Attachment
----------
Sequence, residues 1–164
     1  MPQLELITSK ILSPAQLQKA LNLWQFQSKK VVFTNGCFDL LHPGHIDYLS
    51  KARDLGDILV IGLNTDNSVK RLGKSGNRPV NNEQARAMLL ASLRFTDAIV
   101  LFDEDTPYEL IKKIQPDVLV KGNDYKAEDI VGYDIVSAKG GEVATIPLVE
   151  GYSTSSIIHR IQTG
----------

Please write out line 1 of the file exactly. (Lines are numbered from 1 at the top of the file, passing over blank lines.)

Sequence, residues 1–164